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Judge To Decide Whether Newspaper Court Battle Belongs In Philadelphia Or Delaware

(Credit: William Thomas Cain/Getty Images)

(Credit: William Thomas Cain/Getty Images)

Steve Tawa Steve Tawa
Steve Tawa joined KYW Newsradio in 1990, and splits his time between...
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By Steve Tawa

PHILADELPHIA (CBS) – A Philadelphia judge heard oral arguments but has not decided whether the quarrel between the owners of the company that owns the Inquirer and Daily News belongs in her courtroom, or Delaware.

High-powered lawyers made their pitches on venue: Philadelphia, where the papers are based; or Delaware, where the company is incorporated. Then Judge Patricia McInerney invited South Jersey political powerbroker George Norcross and businessman Lewis Katz into her chambers for a private meeting. Observers say she may have been trying to coax the feuding co-owners to settle their boardroom differences.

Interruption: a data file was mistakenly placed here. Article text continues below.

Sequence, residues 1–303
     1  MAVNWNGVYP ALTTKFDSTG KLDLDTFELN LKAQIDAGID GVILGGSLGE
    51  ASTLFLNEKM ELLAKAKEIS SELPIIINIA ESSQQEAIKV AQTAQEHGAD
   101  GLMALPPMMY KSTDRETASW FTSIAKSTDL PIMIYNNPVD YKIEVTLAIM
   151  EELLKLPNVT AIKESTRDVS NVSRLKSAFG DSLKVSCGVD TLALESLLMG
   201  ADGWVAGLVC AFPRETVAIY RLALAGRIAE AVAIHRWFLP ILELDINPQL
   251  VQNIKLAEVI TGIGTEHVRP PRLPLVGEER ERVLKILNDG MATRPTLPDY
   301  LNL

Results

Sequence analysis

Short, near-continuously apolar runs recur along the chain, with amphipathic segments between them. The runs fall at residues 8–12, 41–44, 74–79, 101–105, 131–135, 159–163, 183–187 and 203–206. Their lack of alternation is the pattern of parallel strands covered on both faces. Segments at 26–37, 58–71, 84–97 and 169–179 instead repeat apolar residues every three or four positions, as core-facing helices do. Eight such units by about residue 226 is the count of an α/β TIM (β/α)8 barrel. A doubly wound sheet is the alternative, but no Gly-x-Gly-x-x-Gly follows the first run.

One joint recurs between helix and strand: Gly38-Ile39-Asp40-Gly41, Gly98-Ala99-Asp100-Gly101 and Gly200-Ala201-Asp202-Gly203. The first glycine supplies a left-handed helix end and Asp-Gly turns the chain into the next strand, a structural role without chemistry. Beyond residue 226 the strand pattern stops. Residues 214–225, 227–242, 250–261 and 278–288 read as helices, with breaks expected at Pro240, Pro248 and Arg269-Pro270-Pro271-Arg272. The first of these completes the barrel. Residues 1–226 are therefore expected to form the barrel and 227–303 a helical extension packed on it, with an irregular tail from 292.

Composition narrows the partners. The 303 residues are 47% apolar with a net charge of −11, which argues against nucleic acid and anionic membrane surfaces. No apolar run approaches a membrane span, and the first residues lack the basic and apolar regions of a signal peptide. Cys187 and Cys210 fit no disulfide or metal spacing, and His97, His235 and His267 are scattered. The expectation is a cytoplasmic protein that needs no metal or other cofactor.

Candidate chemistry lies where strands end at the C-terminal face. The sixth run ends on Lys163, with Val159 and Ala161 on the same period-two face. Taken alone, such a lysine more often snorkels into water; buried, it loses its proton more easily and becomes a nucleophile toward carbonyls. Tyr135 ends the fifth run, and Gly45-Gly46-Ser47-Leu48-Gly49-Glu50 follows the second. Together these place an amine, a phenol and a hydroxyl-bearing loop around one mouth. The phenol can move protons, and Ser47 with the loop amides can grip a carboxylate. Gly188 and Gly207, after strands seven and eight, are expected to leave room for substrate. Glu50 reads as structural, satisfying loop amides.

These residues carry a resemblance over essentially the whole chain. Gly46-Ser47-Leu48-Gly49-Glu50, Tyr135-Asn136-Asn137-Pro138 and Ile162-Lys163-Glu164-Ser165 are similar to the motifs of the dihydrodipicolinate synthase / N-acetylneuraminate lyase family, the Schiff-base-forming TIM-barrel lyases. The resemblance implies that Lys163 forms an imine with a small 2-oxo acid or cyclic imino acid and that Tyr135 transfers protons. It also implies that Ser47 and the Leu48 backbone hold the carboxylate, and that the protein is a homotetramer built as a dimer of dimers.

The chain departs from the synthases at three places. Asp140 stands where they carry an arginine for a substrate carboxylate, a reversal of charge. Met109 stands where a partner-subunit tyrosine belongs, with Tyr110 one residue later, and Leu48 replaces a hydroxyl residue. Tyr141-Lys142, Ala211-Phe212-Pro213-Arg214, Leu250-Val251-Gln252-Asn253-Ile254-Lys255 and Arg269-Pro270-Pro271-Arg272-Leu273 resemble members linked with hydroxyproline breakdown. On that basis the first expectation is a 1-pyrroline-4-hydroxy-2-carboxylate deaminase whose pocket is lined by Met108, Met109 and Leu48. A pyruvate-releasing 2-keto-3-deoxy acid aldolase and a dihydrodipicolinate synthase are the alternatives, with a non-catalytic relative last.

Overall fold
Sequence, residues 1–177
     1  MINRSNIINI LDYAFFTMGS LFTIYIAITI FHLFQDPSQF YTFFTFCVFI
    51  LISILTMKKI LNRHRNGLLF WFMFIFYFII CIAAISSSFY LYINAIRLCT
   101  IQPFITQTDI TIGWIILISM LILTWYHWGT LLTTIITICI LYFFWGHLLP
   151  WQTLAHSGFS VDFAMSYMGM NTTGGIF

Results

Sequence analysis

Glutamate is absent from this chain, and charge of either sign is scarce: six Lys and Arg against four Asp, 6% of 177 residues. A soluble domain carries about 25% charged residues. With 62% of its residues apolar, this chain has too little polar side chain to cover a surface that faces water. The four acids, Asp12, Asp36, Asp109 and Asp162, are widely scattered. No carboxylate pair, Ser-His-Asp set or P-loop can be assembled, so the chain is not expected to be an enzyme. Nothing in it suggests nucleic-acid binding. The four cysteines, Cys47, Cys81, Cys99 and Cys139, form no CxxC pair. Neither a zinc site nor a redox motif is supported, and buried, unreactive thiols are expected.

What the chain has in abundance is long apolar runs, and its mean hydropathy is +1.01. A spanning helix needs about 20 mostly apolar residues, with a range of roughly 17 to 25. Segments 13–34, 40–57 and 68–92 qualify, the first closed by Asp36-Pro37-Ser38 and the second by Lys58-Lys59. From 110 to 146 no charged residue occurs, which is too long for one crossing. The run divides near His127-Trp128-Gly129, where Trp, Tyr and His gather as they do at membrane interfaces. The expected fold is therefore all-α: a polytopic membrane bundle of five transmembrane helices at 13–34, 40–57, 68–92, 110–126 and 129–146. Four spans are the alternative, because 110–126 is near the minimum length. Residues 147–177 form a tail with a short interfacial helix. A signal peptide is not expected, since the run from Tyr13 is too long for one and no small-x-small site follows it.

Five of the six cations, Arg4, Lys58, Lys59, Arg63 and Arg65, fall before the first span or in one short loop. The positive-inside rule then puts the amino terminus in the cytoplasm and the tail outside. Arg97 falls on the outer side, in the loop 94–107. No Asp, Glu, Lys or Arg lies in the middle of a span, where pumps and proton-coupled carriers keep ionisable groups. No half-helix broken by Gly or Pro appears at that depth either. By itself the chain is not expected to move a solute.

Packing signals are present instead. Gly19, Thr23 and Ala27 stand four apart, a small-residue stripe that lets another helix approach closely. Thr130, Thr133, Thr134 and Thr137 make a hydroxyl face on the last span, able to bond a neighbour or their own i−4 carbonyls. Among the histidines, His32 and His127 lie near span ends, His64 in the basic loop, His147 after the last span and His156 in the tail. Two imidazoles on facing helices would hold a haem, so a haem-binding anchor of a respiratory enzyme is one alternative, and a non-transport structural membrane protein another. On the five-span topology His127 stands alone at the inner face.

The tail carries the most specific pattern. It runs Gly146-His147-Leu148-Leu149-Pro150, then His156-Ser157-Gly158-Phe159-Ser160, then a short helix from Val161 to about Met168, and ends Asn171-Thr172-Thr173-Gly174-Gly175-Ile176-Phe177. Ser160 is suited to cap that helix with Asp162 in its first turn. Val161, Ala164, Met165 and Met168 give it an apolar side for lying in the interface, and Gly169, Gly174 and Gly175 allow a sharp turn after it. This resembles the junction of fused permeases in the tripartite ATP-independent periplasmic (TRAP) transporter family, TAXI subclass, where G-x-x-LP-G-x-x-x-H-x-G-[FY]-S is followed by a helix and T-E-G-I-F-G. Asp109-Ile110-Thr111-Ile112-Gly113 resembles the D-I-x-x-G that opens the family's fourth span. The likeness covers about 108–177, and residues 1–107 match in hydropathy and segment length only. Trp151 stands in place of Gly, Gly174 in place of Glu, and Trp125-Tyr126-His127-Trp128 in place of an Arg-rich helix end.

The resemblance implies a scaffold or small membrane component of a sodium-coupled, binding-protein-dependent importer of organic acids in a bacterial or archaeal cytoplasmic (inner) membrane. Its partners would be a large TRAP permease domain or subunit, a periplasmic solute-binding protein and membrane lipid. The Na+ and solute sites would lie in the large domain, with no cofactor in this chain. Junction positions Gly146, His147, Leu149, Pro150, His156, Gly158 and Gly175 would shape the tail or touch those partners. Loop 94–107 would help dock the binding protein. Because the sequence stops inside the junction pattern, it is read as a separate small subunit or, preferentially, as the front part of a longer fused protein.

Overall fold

Katz and his ally, philathropist Gerry Lenfest, filed a lawsuit in Philadelphia after publisher Bob Hall fired Inquirer editor Bill Marimow. Days later, Norcross filed a counter suit in Delaware.

Coming out of the courtroom, Katz smiled and said that he’d have no comment. “If I commented on what was going on, then I would be commenting.”

Norcross also had no comment. “We are defendants in litigation. We did not file any litigation.”

Reporter: “Well, you filed the countersuit in Delaware?”

“I think I’ve told you all,” Norcross said. We respect the judicial process and we’re not going to offer any comment.”

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